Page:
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Anonymous August 10, 2016

I always wondered if someone can be considered Chabad if they still shave his beard. In the case of a baal teshuva for example. Can someone kindly respond ( and respond kindly....) Reply

sheila T. November 24, 2014

thank you for answering my question on the shaving of the beard during mourning of a loved one.
sincerely, sheila Reply

Moshe September 20, 2014

For those who shave, is there a day of the week (Wednesday. day) that is forbidden to shave? Does it not take 3 days for hair to grow back and 3 days after Wednesday is Sabbath? Reply

Anonymous Campbellsport, WI December 14, 2011

I am in the US Army, and we have to shave to be in uniform. How does this effect the rules of such an act? Reply

gershon mcgreevy October 28, 2009

Muslims and college students come to mind. Revolutionaries like Fidel Castro and Che Guevara sport(ed) beards and so do sailors. Reply

Mario East Lansing, Michigan October 28, 2009

What other cultures or religions don't shave? Reply

ruhamah2 Salem, MO/USA October 8, 2009

Shaving is clearly an Egyptian practice, and should never be performed on any body, otherwise, the one who is shaved prophesies that he (she) does not want the glory of G-d to reside on him (her). There is a book called "Coverings" by G. Naler that points out the divine governmental reasons of the beard (not a Jewish book, but informative), and is recomended. Men shaving and women cutting their hair short are doing nothing but switching roles (cross dressing) in my opinion. Reply

shmuel ber September 13, 2009

No, non-Jews are allowed to shave their beards. Reply

Simshon Muthiah Maddington, Australia September 11, 2009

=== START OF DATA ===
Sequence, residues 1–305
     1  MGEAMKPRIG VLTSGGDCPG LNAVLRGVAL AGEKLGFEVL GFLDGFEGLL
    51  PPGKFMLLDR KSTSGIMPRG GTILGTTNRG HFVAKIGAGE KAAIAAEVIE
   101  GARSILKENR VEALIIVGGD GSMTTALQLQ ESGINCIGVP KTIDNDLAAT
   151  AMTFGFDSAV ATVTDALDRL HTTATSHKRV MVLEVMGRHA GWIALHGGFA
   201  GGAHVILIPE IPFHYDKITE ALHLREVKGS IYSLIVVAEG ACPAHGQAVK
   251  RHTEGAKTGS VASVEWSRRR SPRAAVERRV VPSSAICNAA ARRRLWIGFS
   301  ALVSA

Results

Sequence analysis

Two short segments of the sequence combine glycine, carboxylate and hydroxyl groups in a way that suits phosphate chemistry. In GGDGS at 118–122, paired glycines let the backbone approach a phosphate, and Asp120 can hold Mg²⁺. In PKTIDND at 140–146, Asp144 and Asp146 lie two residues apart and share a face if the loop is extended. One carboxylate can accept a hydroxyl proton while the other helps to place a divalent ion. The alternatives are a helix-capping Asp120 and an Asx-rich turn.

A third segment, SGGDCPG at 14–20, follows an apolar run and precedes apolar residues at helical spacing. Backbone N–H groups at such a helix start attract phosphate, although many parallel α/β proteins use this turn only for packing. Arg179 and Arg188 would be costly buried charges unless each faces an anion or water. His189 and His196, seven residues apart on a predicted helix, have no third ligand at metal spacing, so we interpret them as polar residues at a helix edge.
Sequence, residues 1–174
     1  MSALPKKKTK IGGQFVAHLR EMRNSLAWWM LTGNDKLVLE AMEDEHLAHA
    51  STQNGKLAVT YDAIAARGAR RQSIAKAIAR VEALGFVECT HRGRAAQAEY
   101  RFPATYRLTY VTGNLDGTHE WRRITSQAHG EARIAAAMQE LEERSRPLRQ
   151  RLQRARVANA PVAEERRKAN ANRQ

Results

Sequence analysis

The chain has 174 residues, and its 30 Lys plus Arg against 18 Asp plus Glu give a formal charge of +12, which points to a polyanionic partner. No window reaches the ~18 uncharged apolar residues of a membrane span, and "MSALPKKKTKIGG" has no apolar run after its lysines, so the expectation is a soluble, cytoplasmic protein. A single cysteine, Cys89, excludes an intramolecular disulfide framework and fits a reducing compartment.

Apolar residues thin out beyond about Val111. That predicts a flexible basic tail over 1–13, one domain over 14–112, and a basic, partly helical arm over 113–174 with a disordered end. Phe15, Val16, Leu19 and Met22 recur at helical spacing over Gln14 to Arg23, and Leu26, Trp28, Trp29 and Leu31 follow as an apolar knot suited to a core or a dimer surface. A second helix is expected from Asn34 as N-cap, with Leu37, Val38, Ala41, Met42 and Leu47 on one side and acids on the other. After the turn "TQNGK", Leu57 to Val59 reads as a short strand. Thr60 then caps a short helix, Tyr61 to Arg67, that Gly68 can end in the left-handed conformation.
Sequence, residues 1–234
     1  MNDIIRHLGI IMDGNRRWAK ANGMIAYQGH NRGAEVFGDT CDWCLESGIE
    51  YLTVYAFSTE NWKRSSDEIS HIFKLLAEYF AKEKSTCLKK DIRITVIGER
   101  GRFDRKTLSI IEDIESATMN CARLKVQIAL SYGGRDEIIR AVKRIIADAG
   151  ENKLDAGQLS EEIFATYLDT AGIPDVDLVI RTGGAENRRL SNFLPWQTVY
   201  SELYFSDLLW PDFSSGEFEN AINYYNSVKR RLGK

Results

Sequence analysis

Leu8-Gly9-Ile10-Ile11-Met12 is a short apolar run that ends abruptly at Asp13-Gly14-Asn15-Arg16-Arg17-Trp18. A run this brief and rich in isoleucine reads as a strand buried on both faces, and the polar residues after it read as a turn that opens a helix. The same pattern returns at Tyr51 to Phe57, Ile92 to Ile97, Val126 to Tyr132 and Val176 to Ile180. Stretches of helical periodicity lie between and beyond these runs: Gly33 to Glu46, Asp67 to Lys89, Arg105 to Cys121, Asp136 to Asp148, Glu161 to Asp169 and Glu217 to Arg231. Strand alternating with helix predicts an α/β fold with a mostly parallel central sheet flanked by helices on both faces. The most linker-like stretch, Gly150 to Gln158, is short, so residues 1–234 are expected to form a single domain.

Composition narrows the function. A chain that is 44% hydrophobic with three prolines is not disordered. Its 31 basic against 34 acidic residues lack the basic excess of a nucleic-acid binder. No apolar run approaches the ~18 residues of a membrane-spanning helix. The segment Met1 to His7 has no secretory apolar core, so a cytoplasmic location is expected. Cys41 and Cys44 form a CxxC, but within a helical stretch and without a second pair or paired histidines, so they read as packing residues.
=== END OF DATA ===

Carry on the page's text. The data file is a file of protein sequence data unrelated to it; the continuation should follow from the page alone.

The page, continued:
Does this apply for a Now-Jew as well? Reply

Menachem Posner for Chabad.org August 7, 2009

Have a look at "Why don't chassidic men shave their beards?" to learn why this is so. Reply

Ariel Weber Hackensack , New Jersey August 7, 2009

Rambam is a Sefaradi. He says it is not OK to shave, although he says it is OK to trim, but there is no obligation to, except fot the mustache.
Arizal and Ben Ish Hai also agree that you should trim your mustache, but both of them would strongly advise to not shave or trim your beard otherwise. Reply

Owen Fox Rockaway Beach, MO via jewishmemphis.com August 7, 2009

Can some one explain why Sephardim believe it is OK to Shave. While Chabad believes it is not. Both groups follow Halachic law. Reply

Anonymous Bend, OR July 16, 2009

It was mentioned that there was an option for shavers that are considered permissible. I, unfortunately, do not grow out evenly, and it is very spotted and grungy, thus my employer requiring I shave. Being new to following mitzvahs, what options lay before me that are considered permissible? Reply

Ariel Weber Hackensack, New Jersey June 25, 2009

In chapter 12, halacha 8, of Hilchot Avoda Zara, in the Mishne Torah, Rambam writes that it is forbidden "mide'orita" for a man to shave with a razor. After that, he writes that if a man shaves with a scissor (i.e. an electric razor), then he is patur. Patur means exempt, meaning he is exempt from punishment. Patur is generally the term used when someone transgressed a rabbinic commandment.
Then he goes on to say that a woman with facial hair is muteret to shave off her beard, meaning she is allowed to shave it off.
This indicates that Rambam believes it is rabbinically forbidden for a man to shave off his beard, and may only trim it with scissors. Reply